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Celebrating partnership working between the third sector and the NHS

13 June 2019
Volume 28 · Issue 11


Emeritus Professor Alan Glasper, University of Southampton, discusses the success of partnerships between the third sector and the NHS, which is crucial to improving care for people in society.

The third sector of health and social care embraces those charities and other organisations who make significant contributions to the overall success of the NHS in providing care for discrete patient groups. NHS England actively encourages these organisations' input into the overall structure of the health service (NHS England, 2019). Third-sector charities, ie organisations not in the public or private domain, are often the unsung heroes of healthcare provision. Could we imagine, for example, cancer care without Macmillan Cancer Support or Marie Curie services?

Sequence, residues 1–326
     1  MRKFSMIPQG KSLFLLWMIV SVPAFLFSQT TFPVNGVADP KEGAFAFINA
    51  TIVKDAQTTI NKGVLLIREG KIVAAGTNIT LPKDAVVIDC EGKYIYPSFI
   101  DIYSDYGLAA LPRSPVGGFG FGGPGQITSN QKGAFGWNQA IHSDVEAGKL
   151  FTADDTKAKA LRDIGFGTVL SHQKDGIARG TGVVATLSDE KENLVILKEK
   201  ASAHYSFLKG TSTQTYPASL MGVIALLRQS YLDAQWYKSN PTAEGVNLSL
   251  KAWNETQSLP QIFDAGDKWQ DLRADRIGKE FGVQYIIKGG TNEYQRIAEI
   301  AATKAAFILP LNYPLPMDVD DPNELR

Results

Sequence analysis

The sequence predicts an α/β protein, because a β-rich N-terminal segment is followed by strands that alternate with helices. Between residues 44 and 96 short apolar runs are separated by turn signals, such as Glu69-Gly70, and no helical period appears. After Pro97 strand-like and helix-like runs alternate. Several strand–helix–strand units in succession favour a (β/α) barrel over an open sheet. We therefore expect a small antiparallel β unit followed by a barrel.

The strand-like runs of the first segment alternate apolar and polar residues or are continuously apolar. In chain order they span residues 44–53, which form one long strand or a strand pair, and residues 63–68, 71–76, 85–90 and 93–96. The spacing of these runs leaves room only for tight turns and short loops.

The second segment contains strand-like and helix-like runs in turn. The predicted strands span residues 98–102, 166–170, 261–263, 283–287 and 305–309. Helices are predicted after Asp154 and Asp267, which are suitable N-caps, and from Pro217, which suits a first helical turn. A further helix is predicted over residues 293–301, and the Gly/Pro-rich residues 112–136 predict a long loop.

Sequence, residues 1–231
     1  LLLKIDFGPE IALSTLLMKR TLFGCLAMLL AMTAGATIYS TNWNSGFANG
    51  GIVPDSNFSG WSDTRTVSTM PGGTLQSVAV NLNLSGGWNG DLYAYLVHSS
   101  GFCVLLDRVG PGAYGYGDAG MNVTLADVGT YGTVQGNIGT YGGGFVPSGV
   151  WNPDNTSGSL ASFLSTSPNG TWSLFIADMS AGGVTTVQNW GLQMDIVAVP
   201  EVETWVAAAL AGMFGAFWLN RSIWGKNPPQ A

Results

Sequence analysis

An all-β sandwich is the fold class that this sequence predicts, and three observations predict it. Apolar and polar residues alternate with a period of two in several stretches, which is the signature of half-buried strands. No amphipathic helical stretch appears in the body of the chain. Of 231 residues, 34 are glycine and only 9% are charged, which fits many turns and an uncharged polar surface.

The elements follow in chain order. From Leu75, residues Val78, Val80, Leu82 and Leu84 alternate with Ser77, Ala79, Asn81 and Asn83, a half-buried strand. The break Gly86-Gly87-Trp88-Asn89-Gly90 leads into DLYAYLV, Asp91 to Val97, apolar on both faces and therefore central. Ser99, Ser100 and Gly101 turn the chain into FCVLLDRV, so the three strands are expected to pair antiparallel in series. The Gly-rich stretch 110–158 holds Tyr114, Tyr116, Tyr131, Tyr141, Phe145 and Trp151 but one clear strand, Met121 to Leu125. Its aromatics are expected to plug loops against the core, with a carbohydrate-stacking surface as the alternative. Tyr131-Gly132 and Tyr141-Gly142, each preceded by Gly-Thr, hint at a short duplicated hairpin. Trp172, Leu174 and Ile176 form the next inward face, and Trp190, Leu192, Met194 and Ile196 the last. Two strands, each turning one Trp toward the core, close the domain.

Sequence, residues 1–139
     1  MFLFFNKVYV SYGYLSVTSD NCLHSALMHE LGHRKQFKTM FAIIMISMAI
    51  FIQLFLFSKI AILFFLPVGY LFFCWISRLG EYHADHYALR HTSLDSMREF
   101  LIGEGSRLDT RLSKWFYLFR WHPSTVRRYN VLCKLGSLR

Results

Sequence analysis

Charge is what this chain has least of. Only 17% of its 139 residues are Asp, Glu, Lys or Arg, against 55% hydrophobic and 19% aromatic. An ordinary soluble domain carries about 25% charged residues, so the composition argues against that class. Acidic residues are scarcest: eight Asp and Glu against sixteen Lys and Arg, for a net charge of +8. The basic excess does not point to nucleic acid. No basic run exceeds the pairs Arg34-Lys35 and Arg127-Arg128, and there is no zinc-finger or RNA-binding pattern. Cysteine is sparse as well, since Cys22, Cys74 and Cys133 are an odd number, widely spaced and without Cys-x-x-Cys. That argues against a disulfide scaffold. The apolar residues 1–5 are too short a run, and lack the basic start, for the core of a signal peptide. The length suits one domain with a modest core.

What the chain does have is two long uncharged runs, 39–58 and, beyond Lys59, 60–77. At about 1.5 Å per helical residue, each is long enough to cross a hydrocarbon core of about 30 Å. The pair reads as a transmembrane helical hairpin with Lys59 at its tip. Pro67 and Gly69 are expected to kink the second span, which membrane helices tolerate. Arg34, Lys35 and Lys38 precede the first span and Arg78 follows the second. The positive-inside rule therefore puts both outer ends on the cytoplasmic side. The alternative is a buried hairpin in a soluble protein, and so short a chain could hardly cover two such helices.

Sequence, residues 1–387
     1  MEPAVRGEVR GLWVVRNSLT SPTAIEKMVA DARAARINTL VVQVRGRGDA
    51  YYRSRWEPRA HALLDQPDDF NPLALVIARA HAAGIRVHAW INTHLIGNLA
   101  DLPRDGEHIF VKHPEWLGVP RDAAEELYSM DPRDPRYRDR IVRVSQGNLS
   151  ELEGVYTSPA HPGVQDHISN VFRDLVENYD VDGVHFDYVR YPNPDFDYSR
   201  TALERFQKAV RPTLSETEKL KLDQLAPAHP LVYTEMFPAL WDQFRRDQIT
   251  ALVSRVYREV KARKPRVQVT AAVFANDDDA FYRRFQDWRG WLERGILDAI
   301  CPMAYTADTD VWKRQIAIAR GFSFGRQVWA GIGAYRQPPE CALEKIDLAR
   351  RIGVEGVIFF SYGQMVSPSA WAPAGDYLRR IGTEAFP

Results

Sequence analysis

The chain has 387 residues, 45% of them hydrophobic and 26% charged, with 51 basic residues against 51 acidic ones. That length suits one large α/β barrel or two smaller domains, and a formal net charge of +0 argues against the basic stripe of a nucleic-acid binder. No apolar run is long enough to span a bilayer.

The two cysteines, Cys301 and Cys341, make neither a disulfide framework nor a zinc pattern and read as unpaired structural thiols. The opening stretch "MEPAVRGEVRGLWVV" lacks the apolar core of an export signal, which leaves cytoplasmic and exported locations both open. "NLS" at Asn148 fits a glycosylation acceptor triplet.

It would be impossible to cover the contributions of all the organisations that contribute to the NHS, but it is timely to look at one particular charity that is celebrating 40 years of service to the NHS: this is Bliss, a charity for babies born premature or sick.

Bliss was launched in 1979, initially to raise money for equipment such as incubators for premature babies and those requiring care in neonatal units. The charity has since provided much more than equipment—it exists to ensure that babies requiring neonatal care in units across the UK have the best chance of survival and quality of life.

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